I didn’t have a single food experience that didn’t leave me both satiated and inspired. Other standouts included the green garlic soup with scapes from City Farm, goat cheese stuffed tamales from Prairie Fruits farm and the bacon studded white corn polenta with agave syrup from Spence Farms. While eating my third polenta cake, I learned about Will’s business tapping maple syrup. Another high school student (although not the norm, I found the high number of young farm owners in the room surprising), Will was attending with his family who follow generations of farmers in their trade. Will, like Jeremy, impressed me with his entrepreneurial spirit, business acumen and sense of familial pride. Will was taught the syruping technique by his grandfather, who was featured in a 1952 newspaper article which Spence Farms had copies of on hand.

Having spent the previous morning at the Green City Market (GCM), there were similarities between buying from the farmers and chatting with them while you ate their food. I heard quite a bit more about GCM during a chef demo Rick Bayless and his test kitchen director Deb gave where they made a wilted spinach salad with an amazing Mexican chorizo dressing. During his cooking, Bayless spoke of the origins of the Frontera Farmer Foundation – where early in the restaurant’s days a number of farmers the restaurant worked with were on the verge of bankruptcy when often they only needed one piece of equipment to keep their business afloat. So the restaurants started working out a deal where they would provide a loan or purchase a piece of equipment and the farm would repay the loan in-kind. Encouraged by these experiences, the Bayless’ and their staff wanted to formalize the process of helping to promote and preserve farm communities and support keeping farmers on their land so they could do the work they wanted to do. To date, Frontera Farmer Foundation has provided almost $600,000 in capital development grants to encourage thriving farm communities that supply Frontera, Topolobampo and others. Grants are available to all farmers, not just those who supply Bayless. Grants are reviewed annually by three individuals who make up the Grant Making Committee. Selected recipients are awarded the funds at the beginning of each year, at the start of the growing season to help create an impact for that year.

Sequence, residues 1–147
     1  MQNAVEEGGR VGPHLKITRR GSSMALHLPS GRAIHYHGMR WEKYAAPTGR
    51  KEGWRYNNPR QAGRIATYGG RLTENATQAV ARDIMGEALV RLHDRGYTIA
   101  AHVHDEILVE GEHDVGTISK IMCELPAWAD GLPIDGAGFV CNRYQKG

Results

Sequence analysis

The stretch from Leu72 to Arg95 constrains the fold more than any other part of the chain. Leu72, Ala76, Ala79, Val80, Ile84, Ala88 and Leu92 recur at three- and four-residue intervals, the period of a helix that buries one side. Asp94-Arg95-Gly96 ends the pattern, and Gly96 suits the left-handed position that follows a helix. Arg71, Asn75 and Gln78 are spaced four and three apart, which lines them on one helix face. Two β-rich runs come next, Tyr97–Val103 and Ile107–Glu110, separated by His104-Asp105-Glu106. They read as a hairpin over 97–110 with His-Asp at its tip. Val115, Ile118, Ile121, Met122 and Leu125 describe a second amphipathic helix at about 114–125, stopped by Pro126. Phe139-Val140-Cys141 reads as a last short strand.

Bayless shared a story about a recent day in the restaurant when the staff decided to play a game. Looking around at the ingredients in their kitchen, they counted those for which they could associate a name or a face. Impressively, 85% of the products fit into this category. Supporting local, sustainable family farmers helps us all - from an ecological, economic and gastronomical perspective. But the essence was captured by Rick who, scraping the chorizo dressing onto the spinach, noted, “you can’t have great restaurants without great agriculture.” And if I didn’t believe it before, I think that spinach salad would have helped to change my mind.

By Kyle Schott, Photos by Kate Gross

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The Dishes & Dirt blog explores some of what Chicago has to offer when it comes to eating delicious sustainable food and supporting our local food economy.